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Missed the Annual H-1B Visa Lottery? Alternative Visa Solutions Remain Limited for the Best and the Missed the Annual H-1B Visa Lottery? Alternative Visa Solutions Remain Limited for the Best and the

Missed the Annual H-1B Visa Lottery? Alternative Visa Solutions Remain Limited for the Best and the Brightest

Once again, U.S. Citizenship and Immigration Services (USCIS) has announced that it received enough electronic registrations from American employers to reach the maximum number of new H-1B specialty occupation visas authorized by Congress for Fiscal Year 2022. Employers whose registrations were selected have now been invited to file H-1B petitions during a 90-day period for the workers with selected registrations.

While USCIS may conduct an additional random selection from the registrations over the summer to reach the statutory cap (as it did last year), many employers are actively exploring alternatives to the H-1B specialty occupation visa. Some of the more viable alternative work visa solutions include the following:
  • If foreign national employees are working pursuant to F-1 Optional Practical Training (OPT), the employees may be eligible for a two-year extension of OPT if their degree was in a recognized STEM field. The employees will need to coordinate the STEM OPT extension process with their universities.
  • There are several work visas available only to citizens of certain countries, based on certain free trade agreements. Specifically, citizens of Canada and Mexico can qualify for the TN professional work visa if they will work in certain professions, based on the new U.S.-Mexico-Canada Agreement, the successor to NAFTA. Citizens of Australia can qualify for the E-3 professional work visa, while citizens of Singapore and Chile can be sponsored for the H-1B1 professional work visa in the U.S. by their employers.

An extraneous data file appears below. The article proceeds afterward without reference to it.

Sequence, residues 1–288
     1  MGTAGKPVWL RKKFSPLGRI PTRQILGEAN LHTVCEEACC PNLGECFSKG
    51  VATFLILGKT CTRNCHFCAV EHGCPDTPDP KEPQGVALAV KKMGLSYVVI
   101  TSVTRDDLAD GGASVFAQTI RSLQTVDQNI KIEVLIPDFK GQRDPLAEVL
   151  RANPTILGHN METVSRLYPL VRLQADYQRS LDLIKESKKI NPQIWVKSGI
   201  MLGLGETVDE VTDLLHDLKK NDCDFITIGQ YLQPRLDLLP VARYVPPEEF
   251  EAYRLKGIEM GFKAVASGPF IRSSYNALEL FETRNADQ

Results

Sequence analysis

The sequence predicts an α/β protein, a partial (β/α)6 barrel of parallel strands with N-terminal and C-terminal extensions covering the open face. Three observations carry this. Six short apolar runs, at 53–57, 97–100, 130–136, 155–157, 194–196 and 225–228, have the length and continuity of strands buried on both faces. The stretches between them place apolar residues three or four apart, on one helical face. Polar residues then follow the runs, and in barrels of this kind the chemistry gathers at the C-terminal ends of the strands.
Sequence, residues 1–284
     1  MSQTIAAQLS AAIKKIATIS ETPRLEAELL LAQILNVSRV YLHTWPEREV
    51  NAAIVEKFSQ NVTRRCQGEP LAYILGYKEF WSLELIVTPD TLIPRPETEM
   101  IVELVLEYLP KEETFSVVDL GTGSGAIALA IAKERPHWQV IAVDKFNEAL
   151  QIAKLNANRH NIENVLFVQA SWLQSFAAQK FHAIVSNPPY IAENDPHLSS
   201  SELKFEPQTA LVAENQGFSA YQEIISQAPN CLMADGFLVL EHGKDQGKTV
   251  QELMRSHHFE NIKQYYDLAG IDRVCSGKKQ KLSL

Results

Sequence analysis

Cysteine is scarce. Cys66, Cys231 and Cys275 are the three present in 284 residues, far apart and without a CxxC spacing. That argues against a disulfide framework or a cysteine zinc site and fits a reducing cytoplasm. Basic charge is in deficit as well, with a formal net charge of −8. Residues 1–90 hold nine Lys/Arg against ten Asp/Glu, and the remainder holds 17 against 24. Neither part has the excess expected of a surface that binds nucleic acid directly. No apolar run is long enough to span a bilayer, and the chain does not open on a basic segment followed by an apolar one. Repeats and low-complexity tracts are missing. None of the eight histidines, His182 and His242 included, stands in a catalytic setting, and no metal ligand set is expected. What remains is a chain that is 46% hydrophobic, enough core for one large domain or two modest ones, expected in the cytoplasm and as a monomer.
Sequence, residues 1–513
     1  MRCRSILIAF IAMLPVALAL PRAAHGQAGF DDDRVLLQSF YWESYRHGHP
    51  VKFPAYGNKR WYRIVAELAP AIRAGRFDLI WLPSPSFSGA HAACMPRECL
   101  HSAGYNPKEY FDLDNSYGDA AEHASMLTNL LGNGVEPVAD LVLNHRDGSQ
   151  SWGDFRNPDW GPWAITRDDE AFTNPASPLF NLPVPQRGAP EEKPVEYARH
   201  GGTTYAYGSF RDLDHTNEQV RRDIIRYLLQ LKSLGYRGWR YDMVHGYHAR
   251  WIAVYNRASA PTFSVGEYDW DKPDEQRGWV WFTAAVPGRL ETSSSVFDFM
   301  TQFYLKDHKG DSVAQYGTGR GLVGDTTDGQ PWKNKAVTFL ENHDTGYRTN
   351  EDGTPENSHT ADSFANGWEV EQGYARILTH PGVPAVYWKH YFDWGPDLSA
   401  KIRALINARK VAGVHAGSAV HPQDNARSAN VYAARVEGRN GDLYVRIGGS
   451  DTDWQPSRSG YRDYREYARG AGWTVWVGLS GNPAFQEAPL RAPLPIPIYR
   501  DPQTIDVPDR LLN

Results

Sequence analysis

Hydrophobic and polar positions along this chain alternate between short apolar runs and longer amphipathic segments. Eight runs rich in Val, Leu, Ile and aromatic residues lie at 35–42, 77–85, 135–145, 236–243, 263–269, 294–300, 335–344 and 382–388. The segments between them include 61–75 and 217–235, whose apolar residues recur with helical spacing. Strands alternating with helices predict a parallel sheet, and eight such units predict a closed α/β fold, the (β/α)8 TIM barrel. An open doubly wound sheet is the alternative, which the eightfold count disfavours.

• Some individuals may qualify for the O-1 individual of “extraordinary ability” visa. Often, scientists, academics, and researchers more easily qualify for this visa type, as it requires extensive documentation of one’s achievements, but those with prominent achievements in other settings and industries may also qualify.
  • If a U.S. employer has an international presence, with entities outside the United States, the employer may be able to sponsor individuals for L-1 intracompany transferee or E-1/E-2 treaty trader/investor visas:
    • The L-1 visa requires an employee to work for at least one (1) year outside the U.S. for an entity related to the U.S. employer, in a managerial/executive or specialized knowledge position and that the employee will hold a managerial/executive or specialized knowledge position in the U.S.
    • The E-1/E-2 visa is only available to individuals (or their employers) that engage in significant trade or investment in the U.S., where the employee shares the nationality of the foreign-owned trading or investing entity abroad and where the U.S. has a specific trade agreement with the country in question.
While not an exhaustive list, these visa options are some of the more common ways in which individuals not selected in the H-1B lottery may continue to qualify for employment sponsorship in the U.S. Employers are encouraged to consult with qualified immigration counsel to assess strategy and explore options. Please contact Jenifer Brown or Christl Glier or another member of the Ice Miller Immigration Practice with questions regarding the H-1B lottery, alternative visa solutions or any other business immigration matters.

This publication is intended for general information purposes only and does not and is not intended to constitute legal advice. The reader should consult with legal counsel to determine how laws or decisions discussed herein apply to the reader’s specific circumstances.
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